For the first time in Cornell’s 154-year history, students this year can take a class to learn the language of the Cayuga Nation, whose traditional territory is now home to Cornell’s Ithaca campus.
The launch of the class coincides with the United Nations’ declaration that 2019 is the Year of Indigenous Languages. Stephen Henhawk, a Cayuga speaker and historian, will teach the hands-on class, which will focus on the relationship of language and culture to plants and growing.
“A lot of our language is connected to nature, so many of the lessons will revolve around the planting cycle,” said Henhawk, adding that the class will visit a traditional Cayuga garden that he planted at the Cornell Botanic Gardens. The plants there are grown from heirloom seeds his family saved from the Cayuga Lake region.
Central New York is home for the Haudenosaunee, or Iroquois Confederacy, of which the Cayuga Nation is a part. During the American Revolution, military campaigns destroyed major Cayuga villages, forcing many members of the nation to resettle with other Haudenosaunee Nations or move to Canada. Some Cayuga Nation members remained in the region; others have returned over the past 20-30 years.
“A lot has been written about our culture, but I wanted to give students an account from our own people,” said Henhawk, who was immersed in the language and culture as a child raised by his Cayuga-speaking grandparents. “I feel really deeply connected to this geographic area. This needs to happen here.”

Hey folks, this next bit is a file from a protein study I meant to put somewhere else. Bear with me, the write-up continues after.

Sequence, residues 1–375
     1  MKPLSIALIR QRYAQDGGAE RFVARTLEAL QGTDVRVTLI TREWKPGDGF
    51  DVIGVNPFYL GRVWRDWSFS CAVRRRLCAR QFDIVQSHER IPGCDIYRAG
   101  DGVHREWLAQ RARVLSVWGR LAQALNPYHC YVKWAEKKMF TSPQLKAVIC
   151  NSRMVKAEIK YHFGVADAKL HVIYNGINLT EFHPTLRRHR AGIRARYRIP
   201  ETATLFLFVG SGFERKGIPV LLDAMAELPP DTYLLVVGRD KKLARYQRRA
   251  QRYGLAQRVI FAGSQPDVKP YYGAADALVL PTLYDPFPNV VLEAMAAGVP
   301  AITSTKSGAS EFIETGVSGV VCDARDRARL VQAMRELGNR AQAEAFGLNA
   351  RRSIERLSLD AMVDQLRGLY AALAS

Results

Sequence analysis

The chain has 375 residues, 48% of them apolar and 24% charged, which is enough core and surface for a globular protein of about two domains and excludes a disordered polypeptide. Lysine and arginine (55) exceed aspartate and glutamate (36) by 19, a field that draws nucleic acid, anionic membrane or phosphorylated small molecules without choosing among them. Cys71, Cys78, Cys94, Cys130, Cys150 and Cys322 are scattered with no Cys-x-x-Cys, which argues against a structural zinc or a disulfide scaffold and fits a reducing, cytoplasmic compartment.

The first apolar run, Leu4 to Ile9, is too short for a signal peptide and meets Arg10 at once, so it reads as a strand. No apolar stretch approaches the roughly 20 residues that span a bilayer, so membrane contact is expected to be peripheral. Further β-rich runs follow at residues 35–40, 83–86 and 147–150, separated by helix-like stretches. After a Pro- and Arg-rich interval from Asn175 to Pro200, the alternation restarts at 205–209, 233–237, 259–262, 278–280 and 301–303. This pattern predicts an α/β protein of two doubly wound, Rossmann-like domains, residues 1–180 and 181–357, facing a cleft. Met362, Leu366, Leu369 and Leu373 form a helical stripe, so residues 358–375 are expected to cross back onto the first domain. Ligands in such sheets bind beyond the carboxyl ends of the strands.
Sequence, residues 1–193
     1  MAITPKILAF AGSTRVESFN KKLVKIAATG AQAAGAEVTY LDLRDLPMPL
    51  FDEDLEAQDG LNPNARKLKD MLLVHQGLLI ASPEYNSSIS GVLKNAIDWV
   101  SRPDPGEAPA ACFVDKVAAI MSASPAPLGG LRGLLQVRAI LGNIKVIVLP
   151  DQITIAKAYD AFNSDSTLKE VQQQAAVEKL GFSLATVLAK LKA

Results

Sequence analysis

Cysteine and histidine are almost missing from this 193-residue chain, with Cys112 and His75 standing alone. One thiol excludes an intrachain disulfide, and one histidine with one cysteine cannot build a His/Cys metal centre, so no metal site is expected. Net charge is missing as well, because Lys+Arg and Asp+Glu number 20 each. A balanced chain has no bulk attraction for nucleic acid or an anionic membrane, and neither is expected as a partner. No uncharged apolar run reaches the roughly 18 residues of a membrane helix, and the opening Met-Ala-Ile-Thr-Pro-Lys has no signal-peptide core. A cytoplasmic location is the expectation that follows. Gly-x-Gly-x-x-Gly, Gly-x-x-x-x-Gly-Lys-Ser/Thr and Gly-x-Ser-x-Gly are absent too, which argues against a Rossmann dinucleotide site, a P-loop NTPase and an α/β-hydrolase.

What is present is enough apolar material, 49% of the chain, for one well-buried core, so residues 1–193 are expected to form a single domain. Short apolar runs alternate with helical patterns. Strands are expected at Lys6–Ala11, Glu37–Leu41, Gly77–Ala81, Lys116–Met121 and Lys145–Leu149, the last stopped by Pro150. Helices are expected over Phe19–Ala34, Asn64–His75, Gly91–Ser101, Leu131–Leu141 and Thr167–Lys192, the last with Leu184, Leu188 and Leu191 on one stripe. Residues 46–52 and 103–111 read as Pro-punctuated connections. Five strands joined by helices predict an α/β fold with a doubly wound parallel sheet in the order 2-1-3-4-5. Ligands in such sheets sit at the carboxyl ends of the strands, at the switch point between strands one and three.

Students in the Cayuga Language and Culture class (AIIS-LING 3324) will receive basic language instruction and take part in discussions about Cayuga Nation culture, history and future, Henhawk said. The class will be offered in both the fall and spring semesters.
Jolene Rickard, director of the American Indian and Indigenous Studies Program and associate professor of art, history of art and visual studies, and John Whitman, professor of linguistics, will also co-teach the class.
“We’re not expecting students to become proficient in speaking in one semester, but we do want them to understand the key concepts in the language, which will help ensure they have the correct foundation to understand an indigenous language,” Rickard said. “We’re hoping they might want to take this up and pursue it further.”
The Cayuga language is going through a revitalization, Rickard said, because community leaders realize the need to make sure the language is carried on to the next generation. “People are deeply invested in maintaining the Haudenosaunee culture,” Rickard said.
The Haudenosaunee, or Six Nations, are made up of the Mohawk, Oneida, Onondaga, Cayuga, Seneca and Tuscarora nations, whose homelands are throughout New York and Canada.
“I think there’s a generation of young people coming up who have had the benefit of language immersion programs and classes in their communities,” Rickard said. “They are coming into adulthood with a working conversational vocabulary.”
Henhawk said people in the Cayuga Nation realize the importance of outreach into the community.
“A lot of times we don’t get our due,” he said, “so this puts us out there and creates an awareness of what’s going on with our people.”
Kathy Hovis is a writer for the College of Arts and Sciences.